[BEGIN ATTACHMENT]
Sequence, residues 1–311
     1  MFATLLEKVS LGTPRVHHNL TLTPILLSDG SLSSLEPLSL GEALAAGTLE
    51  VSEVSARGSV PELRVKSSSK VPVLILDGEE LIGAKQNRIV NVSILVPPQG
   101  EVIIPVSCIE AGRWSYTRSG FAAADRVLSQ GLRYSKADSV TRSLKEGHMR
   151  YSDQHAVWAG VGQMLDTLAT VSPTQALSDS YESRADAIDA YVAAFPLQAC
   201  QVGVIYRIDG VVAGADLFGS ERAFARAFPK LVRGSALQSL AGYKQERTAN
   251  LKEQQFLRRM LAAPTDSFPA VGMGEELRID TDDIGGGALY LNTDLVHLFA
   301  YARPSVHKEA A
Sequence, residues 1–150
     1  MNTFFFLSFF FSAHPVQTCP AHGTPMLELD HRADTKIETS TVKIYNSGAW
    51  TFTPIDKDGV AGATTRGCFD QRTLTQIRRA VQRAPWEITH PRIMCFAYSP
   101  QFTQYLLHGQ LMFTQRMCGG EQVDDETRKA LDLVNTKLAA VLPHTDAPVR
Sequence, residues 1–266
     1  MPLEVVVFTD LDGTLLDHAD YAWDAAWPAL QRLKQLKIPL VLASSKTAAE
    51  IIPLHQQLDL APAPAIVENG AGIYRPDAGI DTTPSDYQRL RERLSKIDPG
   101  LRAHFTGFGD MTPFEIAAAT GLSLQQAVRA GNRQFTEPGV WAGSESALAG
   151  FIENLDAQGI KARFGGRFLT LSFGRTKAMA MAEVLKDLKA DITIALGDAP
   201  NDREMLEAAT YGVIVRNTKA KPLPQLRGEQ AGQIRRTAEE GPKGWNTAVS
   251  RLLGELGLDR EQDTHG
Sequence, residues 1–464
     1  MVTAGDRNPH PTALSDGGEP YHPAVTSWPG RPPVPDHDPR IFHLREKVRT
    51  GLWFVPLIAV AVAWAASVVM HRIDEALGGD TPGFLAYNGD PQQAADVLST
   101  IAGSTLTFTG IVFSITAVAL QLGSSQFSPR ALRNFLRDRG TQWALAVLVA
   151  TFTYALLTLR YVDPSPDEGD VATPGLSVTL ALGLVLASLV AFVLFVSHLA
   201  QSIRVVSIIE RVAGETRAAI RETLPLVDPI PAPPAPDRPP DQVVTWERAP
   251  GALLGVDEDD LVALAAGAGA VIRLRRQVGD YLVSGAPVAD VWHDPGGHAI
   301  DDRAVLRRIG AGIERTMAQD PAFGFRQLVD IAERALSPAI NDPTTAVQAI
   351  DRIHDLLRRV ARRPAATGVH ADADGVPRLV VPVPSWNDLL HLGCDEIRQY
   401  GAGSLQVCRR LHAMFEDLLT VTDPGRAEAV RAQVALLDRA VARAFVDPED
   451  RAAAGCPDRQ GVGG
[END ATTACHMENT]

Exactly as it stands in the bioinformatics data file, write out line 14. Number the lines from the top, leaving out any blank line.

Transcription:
     1  MPLEVVVFTD LDGTLLDHAD YAWDAAWPAL QRLKQLKIPL VLASSKTAAE